Rimsky-Korsakov’s Snow Maiden in Leeds

The operas by Rimsky-Korsakov are not as often performed as they deserve. Perhaps his mixture of fairy tale, exoticism and Russianism, and the absence of “big tunes”, are thought not to appeal to a wide audience. But my experience in the last month of splendid performances of The Golden Cockerel ┬áin Brussels (see my blog of 29th December) and now The Snow Maiden, bravely mounted by Opera North, suggest that we are missing out on much.

At the heart of both of these pieces lies simple myth, but both take on extra layers of meaning: in The Golden Cockerel political satire; in The Snow Maiden emotional response to nature and the seasons. The eponymous girl whose aptitude for love is literally and metaphorically frozen comes to experience the warmth of human feeling with first spring, then summer. Her evolution within the changing environment is beautifully realised in the production by John Fulljames, designed by Giles Cadle. I had doubts at the beginning whether framing the staging in a workshop of seamstresses would not be too prosaic for the poetic content, and in the opening half-hour or so there was certainly an excess of clutter on the stage. But, as the dresses on which the girls work and which they wear change in colour and texture (superb costume designs by Christina Cunningham) and as the movement and behaviour of the young people develop to reflect the warmer climate, I was converted to the idea. It was then not difficult to become fully involved in their search for fulfilment through love.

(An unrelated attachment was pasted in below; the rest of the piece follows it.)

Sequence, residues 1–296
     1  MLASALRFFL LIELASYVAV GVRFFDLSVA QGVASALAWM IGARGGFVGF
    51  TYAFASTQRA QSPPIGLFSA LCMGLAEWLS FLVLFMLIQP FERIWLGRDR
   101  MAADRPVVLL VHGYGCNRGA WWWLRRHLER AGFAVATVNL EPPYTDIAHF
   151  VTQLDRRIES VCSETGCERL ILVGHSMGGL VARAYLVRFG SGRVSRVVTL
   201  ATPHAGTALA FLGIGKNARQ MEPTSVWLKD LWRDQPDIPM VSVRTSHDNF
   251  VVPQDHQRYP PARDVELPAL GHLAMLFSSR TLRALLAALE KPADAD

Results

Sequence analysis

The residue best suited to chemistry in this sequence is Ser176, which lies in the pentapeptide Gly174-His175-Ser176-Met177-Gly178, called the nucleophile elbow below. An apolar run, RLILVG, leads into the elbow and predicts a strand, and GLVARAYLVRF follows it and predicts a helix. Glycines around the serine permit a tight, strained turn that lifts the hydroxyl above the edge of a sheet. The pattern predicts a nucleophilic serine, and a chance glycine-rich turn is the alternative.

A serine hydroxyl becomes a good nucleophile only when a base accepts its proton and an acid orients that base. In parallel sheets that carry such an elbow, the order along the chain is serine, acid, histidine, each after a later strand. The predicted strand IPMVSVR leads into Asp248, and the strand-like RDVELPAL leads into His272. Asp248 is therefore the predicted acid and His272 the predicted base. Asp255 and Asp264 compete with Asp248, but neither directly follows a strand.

A fine cast had been assembled. Aofie Miskelly executed the coloratura passages (an unusual feature of a Russian opera) with aplomb and was wholly convincing as the innocent Snow Princess. Phillip Rhodes, as the outsider Mizgir required to melt her frigidity, was forthright vocally and dramatically. Their rivals as lovers were both outstanding. Heather Lowe’s creamy mezzo was ideal for Lel, the philandering young man about town, and she was physically adept at portraying masculine swagger. Edin Pritchard was brilliantly comic as the blowsy Kupava and, when expressing passion, could open up to fill the theatre with her rich soprano. In the pit Leo McFall, making his Opera North debut, provided an orchestral accompaniment which was sympathetic, if a little too discreet.

But it would be wrong to focus too much on individual performances and aspects. This was an evening when visual images, astute dramatic ideas and musical charms combined to engage the emotions in a most satisfying way.